RSA calls for independent investigation into penalty points row
THE Road Safety Authority (RSA) has recommended that an independent investigation be launched into the penalty points controversy.
The RSA confirmed that it has sent a report to the Department of Transport on the controversy, following publication of a garda probe which found no evidence of corruption in relation to penalty points being wiped from people's licences.
RSA chairman Gay Byrne said the board was "unhappy" with the findings of the internal review overseen by Garda Commissioner Martin Callinan, and had written to the Department of Transport recommending an independent investigation.
"The report raised more questions than were answered and a further outside review would be more than helpful to everybody," Mr Byrne said.
"We would welcome the opportunity to have the report examined by another investigation. We recommended the Comptroller and Auditor General or the Garda Ombudsman should undertake a review."
Meanwhile, Transport Minister Leo Varadkar has confirmed he met with the garda whistleblower at the centre of the penalty points controversy.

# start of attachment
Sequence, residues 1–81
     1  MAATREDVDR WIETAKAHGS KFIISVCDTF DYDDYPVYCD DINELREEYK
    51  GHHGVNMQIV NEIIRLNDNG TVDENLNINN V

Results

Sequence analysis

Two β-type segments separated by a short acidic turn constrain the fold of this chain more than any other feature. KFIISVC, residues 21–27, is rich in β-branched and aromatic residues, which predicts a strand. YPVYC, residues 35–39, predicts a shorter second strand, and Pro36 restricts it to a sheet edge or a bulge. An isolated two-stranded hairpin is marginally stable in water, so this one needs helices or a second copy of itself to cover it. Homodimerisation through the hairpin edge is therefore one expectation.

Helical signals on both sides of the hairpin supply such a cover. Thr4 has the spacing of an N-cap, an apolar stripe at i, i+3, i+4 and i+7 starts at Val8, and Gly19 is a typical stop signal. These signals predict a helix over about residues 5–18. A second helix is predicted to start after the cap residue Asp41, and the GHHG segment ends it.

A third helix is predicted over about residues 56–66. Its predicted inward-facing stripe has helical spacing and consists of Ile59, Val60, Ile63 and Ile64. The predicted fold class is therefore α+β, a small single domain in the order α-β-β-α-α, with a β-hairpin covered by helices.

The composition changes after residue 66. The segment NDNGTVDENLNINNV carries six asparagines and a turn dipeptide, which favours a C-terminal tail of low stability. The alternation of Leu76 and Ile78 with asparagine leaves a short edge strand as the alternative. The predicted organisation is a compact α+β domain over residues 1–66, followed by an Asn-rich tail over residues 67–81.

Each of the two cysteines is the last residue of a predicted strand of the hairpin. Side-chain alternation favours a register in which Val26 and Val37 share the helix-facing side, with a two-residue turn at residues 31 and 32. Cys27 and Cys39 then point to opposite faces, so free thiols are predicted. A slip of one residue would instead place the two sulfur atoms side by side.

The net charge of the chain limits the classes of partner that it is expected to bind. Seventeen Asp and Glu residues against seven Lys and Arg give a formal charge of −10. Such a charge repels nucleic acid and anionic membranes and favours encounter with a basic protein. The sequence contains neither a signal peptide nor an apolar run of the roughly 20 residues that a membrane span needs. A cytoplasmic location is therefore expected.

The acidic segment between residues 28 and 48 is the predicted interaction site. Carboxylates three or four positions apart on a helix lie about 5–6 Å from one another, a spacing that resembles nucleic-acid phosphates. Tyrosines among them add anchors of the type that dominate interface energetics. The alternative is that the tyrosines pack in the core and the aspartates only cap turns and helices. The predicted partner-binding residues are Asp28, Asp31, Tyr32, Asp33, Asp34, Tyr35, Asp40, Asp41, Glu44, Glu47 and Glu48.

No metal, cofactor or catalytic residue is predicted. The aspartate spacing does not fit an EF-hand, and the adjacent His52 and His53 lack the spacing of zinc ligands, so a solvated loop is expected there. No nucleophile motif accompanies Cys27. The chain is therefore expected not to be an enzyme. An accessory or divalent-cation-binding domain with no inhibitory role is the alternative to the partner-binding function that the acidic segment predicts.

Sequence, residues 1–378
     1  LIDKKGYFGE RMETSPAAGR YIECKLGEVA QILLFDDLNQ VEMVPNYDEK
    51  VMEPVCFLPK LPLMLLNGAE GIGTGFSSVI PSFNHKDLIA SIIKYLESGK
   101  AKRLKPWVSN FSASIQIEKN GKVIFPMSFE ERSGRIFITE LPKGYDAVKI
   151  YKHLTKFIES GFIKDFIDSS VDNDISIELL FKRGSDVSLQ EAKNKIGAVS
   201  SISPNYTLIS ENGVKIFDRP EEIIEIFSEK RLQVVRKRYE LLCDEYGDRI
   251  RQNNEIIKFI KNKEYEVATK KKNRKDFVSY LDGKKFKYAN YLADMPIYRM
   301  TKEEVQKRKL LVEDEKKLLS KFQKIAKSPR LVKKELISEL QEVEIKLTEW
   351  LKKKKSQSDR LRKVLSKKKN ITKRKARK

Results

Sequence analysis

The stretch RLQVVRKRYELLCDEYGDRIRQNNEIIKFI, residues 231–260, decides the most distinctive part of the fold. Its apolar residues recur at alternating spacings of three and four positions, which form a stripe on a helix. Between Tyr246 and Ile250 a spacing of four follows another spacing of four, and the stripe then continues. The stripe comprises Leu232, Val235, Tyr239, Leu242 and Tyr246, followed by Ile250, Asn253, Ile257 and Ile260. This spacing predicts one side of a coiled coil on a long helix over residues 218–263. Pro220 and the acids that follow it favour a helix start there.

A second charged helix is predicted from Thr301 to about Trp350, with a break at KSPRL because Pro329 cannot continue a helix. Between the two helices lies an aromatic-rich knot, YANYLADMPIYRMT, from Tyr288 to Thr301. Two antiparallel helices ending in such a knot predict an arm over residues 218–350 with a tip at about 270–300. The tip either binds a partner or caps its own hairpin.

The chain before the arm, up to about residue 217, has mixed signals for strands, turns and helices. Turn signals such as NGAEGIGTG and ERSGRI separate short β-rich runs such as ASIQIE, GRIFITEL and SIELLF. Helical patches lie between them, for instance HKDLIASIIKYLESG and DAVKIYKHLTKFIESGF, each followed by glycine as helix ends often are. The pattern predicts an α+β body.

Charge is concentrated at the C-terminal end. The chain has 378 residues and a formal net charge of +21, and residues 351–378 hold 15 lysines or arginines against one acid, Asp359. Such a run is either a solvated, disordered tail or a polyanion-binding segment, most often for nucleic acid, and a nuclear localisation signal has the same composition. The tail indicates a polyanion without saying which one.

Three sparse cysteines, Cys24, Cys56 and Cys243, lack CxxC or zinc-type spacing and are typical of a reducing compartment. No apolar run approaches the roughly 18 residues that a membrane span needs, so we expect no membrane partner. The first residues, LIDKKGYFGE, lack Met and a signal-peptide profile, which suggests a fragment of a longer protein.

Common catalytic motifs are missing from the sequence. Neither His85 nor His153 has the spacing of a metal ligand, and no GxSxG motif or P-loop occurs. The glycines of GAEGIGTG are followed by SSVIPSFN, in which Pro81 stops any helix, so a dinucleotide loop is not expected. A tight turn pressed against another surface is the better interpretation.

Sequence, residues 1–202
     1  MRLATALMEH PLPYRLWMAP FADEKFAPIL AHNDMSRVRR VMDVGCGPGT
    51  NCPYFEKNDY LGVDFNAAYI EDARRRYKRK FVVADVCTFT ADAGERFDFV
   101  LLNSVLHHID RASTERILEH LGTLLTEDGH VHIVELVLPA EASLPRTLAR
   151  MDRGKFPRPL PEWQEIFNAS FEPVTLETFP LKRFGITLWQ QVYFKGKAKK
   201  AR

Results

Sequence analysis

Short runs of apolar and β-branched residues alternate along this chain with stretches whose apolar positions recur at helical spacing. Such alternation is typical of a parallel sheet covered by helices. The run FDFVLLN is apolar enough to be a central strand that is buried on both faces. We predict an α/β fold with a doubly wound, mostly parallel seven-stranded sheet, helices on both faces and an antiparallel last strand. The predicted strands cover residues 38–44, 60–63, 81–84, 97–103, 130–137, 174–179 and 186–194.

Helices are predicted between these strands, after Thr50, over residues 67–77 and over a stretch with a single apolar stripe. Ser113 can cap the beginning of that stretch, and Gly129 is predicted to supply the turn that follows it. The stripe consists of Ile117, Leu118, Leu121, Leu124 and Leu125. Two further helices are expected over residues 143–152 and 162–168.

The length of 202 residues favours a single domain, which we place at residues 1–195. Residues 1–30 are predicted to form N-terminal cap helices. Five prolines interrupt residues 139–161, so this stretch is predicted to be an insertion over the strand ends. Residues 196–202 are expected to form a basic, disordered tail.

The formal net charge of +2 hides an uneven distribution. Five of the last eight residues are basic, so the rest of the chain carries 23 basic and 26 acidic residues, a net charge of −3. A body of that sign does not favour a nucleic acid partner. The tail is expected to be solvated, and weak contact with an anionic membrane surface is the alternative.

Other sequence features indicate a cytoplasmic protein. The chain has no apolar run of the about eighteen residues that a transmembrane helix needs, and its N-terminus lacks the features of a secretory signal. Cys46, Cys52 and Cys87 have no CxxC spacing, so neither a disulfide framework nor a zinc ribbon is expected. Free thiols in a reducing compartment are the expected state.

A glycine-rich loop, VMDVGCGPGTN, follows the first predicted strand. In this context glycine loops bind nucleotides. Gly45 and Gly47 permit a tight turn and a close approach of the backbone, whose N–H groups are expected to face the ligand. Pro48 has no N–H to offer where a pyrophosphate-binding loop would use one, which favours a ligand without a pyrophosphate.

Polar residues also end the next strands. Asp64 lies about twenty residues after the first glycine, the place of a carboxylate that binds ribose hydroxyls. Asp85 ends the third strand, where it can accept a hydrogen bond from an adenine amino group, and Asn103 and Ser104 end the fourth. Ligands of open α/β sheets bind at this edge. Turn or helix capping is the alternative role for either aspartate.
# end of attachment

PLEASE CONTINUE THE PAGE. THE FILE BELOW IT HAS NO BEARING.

Mr Varadkar held a meeting with the former garda in recent weeks and found him to be "credible", a spokesman said.
Disciplinary procedures have begun against three gardai over the cancellation of penalty points. It followed a whistleblower in the force contacting the Departments of Transport and Justice amid concerns that some motorists were escaping points, despite breaking the law.
Sources said the RSA raised a number of concerns about the findings of the report, including the fact that retired gardai who had cancelled points were not interviewed as part of the investigation.
The meeting between Mr Varadkar and the whistleblower will put further pressure on the Government to hold an independent inquiry into allegations of the improper cancellation of points.
The meeting could also lead to cabinet tensions as this is the first time a member of the Government has agreed to meet with the midlands-based officer to discuss his allegations of malpractice in the force.
A well-placed source said the whistleblower found the meeting with Mr Vardakar "excellent" and was pleased a member of the Government was willing to listen to his complaints.
Last week, it was revealed the whistleblower wrote to Taoiseach Enda Kenny dismissing the findings of the garda report and requesting a meeting with the Fine Gael leader.
"I invite you to meet with me and to see the evidence for yourself," he wrote in an email.